From Wiktionary, the free dictionary
Jump to navigation Jump to search
See also: Church


Alternative forms[edit]


From Middle English chirche, from Old English ċiriċe (church), from Proto-West Germanic *kirikā, an early borrowing of Ancient Greek κυριακόν (kuriakón), neuter form of κυριακός (kuriakós, belonging to the lord), from κύριος (kúrios, ruler, lord), from Proto-Indo-European *ḱewh₁- (to swell, spread out, be strong, prevail).



A church, with many architectural features traditional to such a structure.

church (countable and uncountable, plural churches)

  1. (countable) A Christian house of worship; a building where Christian religious services take place. [from 9th c.]
    There is a lovely little church in the valley.
    This building used to be a church before being converted into a library.
    • 2007, John R. Dodd, Bucky and Friends, page 117:
      He got the message and was in church the next Sunday. We need to stay in church with the fellowship of others in order to keep the fire of faith burning brightly.
  2. Christians collectively seen as a single spiritual community; Christianity; Christendom. [from 9th c.]
    These worshippers make up the Church of Christ.
    • Acts 20:28, New International Version:
      Be shepherds of the church of God, which he bought with his own blood.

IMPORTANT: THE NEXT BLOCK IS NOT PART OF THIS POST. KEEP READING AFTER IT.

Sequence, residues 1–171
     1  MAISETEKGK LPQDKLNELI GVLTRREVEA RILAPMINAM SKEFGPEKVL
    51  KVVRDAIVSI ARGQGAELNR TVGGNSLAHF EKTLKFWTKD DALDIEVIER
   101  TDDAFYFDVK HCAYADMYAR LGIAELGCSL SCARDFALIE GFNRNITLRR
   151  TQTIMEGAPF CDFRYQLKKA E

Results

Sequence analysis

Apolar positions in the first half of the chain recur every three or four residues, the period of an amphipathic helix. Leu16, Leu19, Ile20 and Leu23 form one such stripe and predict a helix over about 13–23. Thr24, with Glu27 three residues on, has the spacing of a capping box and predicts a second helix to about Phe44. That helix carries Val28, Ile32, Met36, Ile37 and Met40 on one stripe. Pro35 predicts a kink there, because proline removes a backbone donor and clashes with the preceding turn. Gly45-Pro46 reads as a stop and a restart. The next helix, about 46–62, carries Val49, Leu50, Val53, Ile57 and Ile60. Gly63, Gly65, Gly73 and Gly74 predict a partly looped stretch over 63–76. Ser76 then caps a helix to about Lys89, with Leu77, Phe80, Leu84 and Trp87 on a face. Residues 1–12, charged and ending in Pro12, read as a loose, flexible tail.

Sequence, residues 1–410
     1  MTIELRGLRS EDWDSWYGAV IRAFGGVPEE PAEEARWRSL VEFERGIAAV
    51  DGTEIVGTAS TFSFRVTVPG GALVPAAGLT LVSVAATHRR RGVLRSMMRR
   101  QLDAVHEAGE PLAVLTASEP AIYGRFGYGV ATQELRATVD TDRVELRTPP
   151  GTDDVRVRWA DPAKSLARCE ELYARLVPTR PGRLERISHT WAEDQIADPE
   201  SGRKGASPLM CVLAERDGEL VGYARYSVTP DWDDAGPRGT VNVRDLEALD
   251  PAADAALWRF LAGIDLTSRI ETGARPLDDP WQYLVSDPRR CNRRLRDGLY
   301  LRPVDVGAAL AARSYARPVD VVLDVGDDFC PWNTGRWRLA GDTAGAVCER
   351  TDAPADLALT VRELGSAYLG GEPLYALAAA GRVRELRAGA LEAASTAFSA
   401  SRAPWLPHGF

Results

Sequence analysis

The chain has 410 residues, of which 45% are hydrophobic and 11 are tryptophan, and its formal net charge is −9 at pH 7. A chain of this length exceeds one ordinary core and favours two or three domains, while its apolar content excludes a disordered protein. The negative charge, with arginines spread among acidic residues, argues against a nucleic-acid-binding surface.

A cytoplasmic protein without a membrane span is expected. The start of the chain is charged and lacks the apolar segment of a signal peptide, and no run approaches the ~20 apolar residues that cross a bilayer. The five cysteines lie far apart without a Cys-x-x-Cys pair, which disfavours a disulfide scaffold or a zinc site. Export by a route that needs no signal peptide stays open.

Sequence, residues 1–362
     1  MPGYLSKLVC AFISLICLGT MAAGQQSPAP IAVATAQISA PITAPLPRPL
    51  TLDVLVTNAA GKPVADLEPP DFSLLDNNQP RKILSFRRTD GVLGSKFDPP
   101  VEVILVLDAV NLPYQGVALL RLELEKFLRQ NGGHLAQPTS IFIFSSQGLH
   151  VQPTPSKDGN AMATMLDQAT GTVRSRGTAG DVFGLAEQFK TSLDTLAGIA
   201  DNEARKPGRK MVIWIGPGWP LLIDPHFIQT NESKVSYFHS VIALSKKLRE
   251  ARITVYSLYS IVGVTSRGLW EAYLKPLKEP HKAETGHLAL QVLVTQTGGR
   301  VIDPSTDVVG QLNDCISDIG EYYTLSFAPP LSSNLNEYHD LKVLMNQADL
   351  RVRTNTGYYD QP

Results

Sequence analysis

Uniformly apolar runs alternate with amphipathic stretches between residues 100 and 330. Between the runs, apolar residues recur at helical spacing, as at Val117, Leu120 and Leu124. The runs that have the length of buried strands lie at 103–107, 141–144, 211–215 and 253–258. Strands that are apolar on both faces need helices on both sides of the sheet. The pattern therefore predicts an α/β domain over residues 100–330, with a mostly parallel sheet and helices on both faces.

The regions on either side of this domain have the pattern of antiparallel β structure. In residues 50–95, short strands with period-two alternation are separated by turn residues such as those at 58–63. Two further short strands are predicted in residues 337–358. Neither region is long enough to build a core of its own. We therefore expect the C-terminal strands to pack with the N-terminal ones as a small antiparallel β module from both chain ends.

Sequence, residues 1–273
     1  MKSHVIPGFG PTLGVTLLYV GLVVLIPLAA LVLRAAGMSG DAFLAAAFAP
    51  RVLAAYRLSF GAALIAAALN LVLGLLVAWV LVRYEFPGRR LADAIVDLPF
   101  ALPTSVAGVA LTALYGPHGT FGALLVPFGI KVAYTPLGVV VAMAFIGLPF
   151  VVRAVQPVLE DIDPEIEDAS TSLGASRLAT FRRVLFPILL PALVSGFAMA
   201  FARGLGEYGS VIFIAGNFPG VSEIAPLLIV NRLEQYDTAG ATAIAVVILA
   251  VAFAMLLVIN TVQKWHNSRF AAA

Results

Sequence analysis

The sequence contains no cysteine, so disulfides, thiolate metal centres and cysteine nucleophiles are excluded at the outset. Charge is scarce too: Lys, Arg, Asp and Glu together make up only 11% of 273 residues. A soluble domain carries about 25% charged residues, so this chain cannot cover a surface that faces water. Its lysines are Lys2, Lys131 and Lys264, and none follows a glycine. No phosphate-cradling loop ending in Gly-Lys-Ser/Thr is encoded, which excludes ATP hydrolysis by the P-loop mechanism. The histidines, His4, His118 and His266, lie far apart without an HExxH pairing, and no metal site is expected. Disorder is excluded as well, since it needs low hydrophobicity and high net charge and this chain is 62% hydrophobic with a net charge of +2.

3. (countable) A local group of people who follow the same Christian religious beliefs, local or general. [from 9th c.]
    • 2007, Bill Gibson, The Ultimate Church Sound Operator's Handbook, page 78:
      Many young people find their only role models of family life in church.
    • 2007, John R. Dodd, Bucky and Friends, page 117:
      He got the message and was in church the next Sunday. We need to stay in church with the fellowship of others in order to keep the fire of faith burning brightly.
    • 2008, Yil Gyoung Kang, Enhancing understanding the church through preaching on ..., page 61:
      As they actively get involved in ministry, lay ministry becomes vigorous, and new believers will settle in church with more ease.
    • 2009, Christian Smith with Patricia Snell, Souls in Transition, page 194:
      she had very many adults in church with whom she could talk about issues in life.
    • 2004, Bev Marshall, Right as Rain[1], Ballantine Books, →ISBN, →LCCN, →OCLC, page 130:
      Ruthie had left the church disappointed , reluctant to give up the idea that she was chosen by God to become a saint . But within a month she had sinned by lying , masturbating , and coveting Sarah 130 • Beu Marshall.
  4. (countable) A particular denomination of Christianity. [from 9th c.]
    The Church of England separated from the Roman Catholic Church in 1534.
  5. (uncountable, countable, as bare noun) Christian worship held at a church; service. [from 10th c.]
    • 1997, Paul Harvey, Redeeming the South: Religious Cultures and Racial Identities ..., page 119:
      Pastors complained that they were not allowed enough authority in church, with women exercising too much informal control.
    • 2000, Lee Roberson, Disturbing Questions...: Solid Answers, page 174:
      Some people are always saying, "Oh, you have too much church." You never get too much church. I go to church every day.
    • 2003, George Shillington, On a Journey with God: You Come Too, page 53: